At 29 years of age, I was contacted by my birth father (I was adopted at birth) to inform me that I had a 50/50 chance of having inherited a possible genetic mutation. He, his mother, and brother had an aortic dissection or aneurism. Everyone survived. They were working with a geneticist in Ontario and were all part of a study out of Texas. I also contributed a DNA sample to the study.
At the time, the gene causing the mutation had not yet been identified. He communicated that most doctors would likely label it Marfan syndrome but it was better described as TAAD because it specifically affected only the aorta.
I began seeing a cardiologist who monitored me with echocardiogram twice a year. When I got pregnant in 2011, I was monitored as a high risk pregnancy and had regular echocardiograms.
I had a very smooth, healthy pregnancy until at 33 weeks, while stretching at home I got a strange, sudden pain in my throat. I didn’t feel well and it persisted through the night. The following morning we went to the ER. My vitals were all normal. I was sent home, diagnosed with a cold. The pain subsided and I carried on, thinking nothing of it. In retrospect, I believe that was the first symptom of an aortic dissection. Just over a week later, while walking our dog I got a sudden and sharp pain in my back. I called my cardiologist and they suggested I should be seen at the ER and scheduled a follow up echo the next week. At the ER, the pain in my back grew excruciating. They gave me a strong painkiller. I explained my risks but the doctors hesitated to do an MRI because of the baby. They did an ultrasound of my stomach and found a few gallstones. The doctor felt that the gallstones along with heartburn (common in pregnancy) were the source of my pain and I was discharged. I had a very painful weekend spent mostly in the bath because floating in water seemed to help the pain in my back. Early the following week, I went to the cardiologists as scheduled for the follow up echo. Here the technician spotted that my ascending aorta had dissected. It was at approx. 6 cm, the standard size being closer to 3.5 cm.
From there I was sent for surgery, I’m pretty sure nothing gets you to the front of the line faster than telling them you’re 35 weeks pregnant with an aortic dissection. I had an MRI to confirm the status of the dissection before making decisions on how best to proceed; with the repair of the dissection first followed by delivery of my baby or the other way.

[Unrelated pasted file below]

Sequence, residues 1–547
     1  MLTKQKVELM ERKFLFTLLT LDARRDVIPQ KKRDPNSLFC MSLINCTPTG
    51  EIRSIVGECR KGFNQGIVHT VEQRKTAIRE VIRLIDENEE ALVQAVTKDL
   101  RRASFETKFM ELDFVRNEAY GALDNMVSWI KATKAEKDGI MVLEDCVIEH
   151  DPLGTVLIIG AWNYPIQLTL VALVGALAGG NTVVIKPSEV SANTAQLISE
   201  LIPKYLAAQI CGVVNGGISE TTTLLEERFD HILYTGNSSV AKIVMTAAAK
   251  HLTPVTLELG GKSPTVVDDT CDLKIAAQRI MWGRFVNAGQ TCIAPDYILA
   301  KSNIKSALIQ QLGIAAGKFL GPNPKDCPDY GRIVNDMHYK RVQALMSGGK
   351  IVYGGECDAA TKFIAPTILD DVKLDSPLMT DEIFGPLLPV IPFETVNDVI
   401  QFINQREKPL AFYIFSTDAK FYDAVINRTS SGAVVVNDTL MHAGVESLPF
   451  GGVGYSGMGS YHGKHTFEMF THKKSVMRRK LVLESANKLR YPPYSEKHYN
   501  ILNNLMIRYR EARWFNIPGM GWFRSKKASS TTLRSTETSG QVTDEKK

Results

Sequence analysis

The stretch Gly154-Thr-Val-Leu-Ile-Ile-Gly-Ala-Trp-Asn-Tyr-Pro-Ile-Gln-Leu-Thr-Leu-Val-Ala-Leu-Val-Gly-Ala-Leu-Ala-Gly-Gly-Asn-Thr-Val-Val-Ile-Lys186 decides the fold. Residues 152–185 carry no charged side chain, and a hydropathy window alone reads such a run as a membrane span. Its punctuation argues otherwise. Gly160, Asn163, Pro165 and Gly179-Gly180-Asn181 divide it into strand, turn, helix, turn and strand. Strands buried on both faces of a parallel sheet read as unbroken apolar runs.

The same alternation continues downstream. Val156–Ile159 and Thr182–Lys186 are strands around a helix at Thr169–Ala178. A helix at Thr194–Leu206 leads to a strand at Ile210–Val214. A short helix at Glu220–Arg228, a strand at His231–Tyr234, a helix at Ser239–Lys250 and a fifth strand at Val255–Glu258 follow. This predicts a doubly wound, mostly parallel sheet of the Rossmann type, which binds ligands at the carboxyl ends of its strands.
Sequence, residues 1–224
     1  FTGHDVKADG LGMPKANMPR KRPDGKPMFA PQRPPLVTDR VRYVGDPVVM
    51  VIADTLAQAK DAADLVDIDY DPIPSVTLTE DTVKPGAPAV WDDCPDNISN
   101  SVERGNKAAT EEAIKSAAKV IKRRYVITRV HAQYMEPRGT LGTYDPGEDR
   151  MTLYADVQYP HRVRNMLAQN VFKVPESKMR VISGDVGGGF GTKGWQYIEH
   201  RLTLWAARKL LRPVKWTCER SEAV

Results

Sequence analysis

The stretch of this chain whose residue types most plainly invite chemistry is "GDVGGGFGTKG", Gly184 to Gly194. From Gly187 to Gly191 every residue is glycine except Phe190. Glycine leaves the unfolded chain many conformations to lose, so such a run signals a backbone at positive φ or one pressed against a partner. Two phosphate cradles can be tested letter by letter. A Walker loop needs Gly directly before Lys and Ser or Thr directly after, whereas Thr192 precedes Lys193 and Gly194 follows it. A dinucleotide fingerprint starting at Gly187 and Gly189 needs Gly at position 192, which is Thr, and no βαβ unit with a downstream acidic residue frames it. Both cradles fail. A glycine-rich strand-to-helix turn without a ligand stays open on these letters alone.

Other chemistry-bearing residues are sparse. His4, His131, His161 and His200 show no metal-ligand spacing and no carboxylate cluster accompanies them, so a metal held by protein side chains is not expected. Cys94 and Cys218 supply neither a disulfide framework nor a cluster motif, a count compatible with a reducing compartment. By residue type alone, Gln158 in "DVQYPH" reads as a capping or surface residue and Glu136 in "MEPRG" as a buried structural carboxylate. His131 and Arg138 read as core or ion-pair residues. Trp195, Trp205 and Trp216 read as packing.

The way I understood it, there was very little chance our child would survive the surgery and first removing her by C-section could mean excessive bleeding in which case a hysterectomy might be necessary in order to stop my uterus from bleeding excessively. In the end it was our decision; did we want to risk jeopardizing my heart surgery in order to deliver our baby? Daniel and I didn’t take long to decide, our baby girl was coming out that day. If anything, we felt that leaving her in me seemed riskier and I think it’s the smartest decision we’ve ever made. I can’t imagine recovering from the surgery still pregnant!! What I remember next is being woken up by Daniel and my nurse. They were hanging images of our baby girl, Nina.
Given my circumstances and no previous case to refer to, the doctors did what they could to save my life. It has been 4 years since my surgery and I remain stable. I am monitored closely with an echo and an MRI once a year. I take blood pressure lowering meds as a precaution. It took a while to come to myself but most of the time I feel great. I experienced some numbing throughout my body for the first few years.
Since my episode, the genetic mutation has been identified as the MYH11 gene. We have been able to test our daughter Nina and are so happy to share that she does not carry the mutation!
I am happy that I am alive and thankful to the team of doctors and nurses at the hospital. Obviously, there was some misdiagnosis for the first few weeks. I think it’s crucial to work together with the medical community to better identify cases like mine. The medical and lay community needs an organization such as GADA Canada to promote knowledge of such rare genetic disorders and provide support to Canadians facing the precariousness of these disorders. GADA’s programs to support research give us hope for a much secure future.